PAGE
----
# Lesson 5: More Estimating Probabilities

Let’s estimate some probabilities.

## 5.1: Is it Likely?

1. If the weather forecast calls for a 20% chance of light rain tomorrow, would you say that it is likely to rain tomorrow?
2. If the probability of a tornado today is $\frac{1}{10}$, would you say that there will likely be a tornado today?
3. If the probability of snow this week is 0.85, would you say that it is likely to snow this week?

## 5.2: Making My Head Spin

Work with your group to decide which person will use each spinner. Make sure each person selects a different spinner.

Answer the first set of questions on your own.

Spinner A

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Spinner B

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Spinner C

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Spinner D

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1. Spin your spinner 10 times and record your outcomes.
2. Did you get all of the different possible outcomes in your 10 spins?
3. What fraction of your 10 spins were 3s?

Work with your group to answer the next set of questions.

4. Next, share your outcomes with your group and record their outcomes.

1. Outcomes for spinner A:
2. Outcomes for spinner B:
3. Outcomes for spinner C:
4. Outcomes for spinner D:
5. Do any of the spinners have the same sample space? If so, do they have the same probabilities for each number to result?
6. For each spinner, what is the probability that it ends on the number 3? Explain or show your reasoning.
7. What is the probability that you will spin something other than a 3 on each spinner? Explain or show your reasoning.
8. When Noah spun spinner D, he put it on his closed binder and never got a 1 in all 10 spins. How might you explain this problem?
9. When Han spun spinner C, he never got any 3s, so he says that the probability of getting a 3 is 0. How might you explain this problem?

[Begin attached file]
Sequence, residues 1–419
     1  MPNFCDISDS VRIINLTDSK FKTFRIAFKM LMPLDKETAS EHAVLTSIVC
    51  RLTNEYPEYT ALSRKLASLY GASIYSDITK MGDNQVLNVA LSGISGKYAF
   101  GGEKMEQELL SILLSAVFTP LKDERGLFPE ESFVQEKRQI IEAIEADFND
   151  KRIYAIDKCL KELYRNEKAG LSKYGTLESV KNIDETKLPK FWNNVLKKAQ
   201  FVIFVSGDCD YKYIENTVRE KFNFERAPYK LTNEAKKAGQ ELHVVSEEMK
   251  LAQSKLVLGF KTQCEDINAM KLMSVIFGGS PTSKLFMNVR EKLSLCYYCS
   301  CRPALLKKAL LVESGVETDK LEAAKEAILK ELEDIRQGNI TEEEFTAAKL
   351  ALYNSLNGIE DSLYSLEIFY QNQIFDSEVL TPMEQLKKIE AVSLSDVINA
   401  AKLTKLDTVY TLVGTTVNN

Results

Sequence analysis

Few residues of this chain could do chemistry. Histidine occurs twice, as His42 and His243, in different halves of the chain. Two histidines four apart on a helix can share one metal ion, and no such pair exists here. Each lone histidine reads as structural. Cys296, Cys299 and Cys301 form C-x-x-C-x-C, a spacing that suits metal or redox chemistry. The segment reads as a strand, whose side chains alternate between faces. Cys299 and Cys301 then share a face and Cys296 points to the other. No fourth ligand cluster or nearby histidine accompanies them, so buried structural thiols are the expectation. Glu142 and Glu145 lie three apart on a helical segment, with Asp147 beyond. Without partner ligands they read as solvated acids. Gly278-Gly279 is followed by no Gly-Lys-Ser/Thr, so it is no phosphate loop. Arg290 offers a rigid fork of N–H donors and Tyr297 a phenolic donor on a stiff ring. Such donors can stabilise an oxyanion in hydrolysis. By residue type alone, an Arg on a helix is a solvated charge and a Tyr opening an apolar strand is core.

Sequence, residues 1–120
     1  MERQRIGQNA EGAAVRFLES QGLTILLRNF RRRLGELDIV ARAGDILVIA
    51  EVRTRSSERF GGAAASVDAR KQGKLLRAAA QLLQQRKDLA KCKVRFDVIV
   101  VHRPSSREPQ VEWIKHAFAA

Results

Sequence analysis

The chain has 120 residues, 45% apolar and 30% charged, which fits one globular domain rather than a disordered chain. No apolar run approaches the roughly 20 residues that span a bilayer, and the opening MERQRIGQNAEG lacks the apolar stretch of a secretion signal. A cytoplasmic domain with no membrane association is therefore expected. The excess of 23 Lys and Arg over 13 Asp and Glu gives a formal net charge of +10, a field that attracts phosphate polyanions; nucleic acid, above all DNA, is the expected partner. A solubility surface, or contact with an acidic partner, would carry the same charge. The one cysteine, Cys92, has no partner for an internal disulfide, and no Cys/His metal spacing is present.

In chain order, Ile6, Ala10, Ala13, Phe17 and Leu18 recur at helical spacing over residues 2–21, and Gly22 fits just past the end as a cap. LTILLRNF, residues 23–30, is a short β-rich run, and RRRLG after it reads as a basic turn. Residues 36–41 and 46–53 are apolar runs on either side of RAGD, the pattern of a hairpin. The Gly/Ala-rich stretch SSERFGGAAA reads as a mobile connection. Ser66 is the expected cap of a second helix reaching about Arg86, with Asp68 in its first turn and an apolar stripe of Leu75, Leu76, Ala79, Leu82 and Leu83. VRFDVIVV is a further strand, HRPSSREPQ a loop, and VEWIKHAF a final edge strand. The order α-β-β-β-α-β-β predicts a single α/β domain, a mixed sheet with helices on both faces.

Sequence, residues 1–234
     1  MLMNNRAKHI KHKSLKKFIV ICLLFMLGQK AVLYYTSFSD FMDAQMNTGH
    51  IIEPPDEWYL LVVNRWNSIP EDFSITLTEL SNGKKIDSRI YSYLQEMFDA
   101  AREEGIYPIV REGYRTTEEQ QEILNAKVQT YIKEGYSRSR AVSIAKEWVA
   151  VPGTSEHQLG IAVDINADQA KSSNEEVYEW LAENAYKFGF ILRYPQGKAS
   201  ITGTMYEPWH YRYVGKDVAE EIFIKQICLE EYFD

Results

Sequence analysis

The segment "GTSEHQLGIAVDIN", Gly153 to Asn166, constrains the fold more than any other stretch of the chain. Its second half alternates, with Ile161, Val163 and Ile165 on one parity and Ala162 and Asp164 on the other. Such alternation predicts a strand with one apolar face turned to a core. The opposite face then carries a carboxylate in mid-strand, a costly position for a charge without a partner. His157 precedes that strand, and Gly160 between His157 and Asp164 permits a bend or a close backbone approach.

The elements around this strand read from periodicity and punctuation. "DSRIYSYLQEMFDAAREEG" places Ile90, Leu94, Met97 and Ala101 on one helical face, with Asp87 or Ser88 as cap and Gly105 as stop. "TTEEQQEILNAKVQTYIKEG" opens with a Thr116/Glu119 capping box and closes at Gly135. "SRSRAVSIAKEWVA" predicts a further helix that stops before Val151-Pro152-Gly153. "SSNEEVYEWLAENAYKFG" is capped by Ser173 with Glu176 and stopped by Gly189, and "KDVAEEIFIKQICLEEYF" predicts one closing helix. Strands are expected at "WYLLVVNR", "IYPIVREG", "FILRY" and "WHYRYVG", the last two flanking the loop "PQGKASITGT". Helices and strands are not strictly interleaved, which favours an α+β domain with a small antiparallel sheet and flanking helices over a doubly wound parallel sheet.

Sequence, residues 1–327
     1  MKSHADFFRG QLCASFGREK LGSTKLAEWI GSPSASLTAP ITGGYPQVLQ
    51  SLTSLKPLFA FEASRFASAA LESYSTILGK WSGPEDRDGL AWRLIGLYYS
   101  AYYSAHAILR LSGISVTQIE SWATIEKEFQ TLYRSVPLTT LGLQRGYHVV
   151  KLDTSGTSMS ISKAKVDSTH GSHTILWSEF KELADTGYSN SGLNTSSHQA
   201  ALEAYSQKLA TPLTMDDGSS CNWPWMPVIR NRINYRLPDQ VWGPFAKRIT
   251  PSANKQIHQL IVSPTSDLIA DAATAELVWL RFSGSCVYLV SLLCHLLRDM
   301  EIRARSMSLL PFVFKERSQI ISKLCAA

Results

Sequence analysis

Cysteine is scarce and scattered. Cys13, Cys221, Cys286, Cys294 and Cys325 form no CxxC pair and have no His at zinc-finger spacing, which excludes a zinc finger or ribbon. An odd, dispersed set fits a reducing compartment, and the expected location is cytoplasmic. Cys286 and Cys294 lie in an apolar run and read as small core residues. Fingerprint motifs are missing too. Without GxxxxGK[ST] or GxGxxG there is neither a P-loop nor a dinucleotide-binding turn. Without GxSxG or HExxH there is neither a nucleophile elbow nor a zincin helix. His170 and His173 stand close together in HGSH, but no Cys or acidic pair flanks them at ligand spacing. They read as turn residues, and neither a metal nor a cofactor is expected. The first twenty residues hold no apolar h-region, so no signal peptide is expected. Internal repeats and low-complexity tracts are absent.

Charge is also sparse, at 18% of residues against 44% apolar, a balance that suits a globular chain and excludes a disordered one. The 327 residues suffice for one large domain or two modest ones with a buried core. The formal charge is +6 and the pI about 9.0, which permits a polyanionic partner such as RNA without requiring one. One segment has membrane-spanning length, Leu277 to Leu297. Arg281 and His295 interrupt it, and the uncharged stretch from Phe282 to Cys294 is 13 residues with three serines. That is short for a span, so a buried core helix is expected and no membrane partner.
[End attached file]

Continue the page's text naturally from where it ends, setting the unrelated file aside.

## 5.3: How Much Green?

Your teacher will give you a bag of blocks that are different colors. Do not look into the bag or take out more than 1 block at a time. Repeat these steps until everyone in your group has had 4 turns.

• Take one block out of the bag and record whether or not it is green.
• Put the block back into the bag, and shake the bag to mix up the blocks.

• Pass the bag to the next person in the group.

1. What do you think is the probability of taking out a green block from this bag? Explain or show your reasoning.
2. How could you get a better estimate without opening the bag?

## Summary

Suppose a bag contains 5 blocks. If we select a block at random from the bag, then the probability of getting any one of the blocks is $\frac15$. Now suppose a bag contains 5 blocks. Some of the blocks have a star, and some have a moon. If we select a block from the bag, then we will either get a star block or a moon block. The probability of getting a star block depends on how many there are in the bag. In this example, the probability of selecting a star block at random from the first bag is $\frac15$, because it contains only 1 star block. (The probability of getting a moon block is $\frac45$.) The probability of selecting a star block at random from the second bag is $\frac35$, because it contains 3 star blocks. (The probability of getting a moon block from this bag is $\frac25$.)

This shows that two experiments can have the same sample space, but different probabilities for each outcome.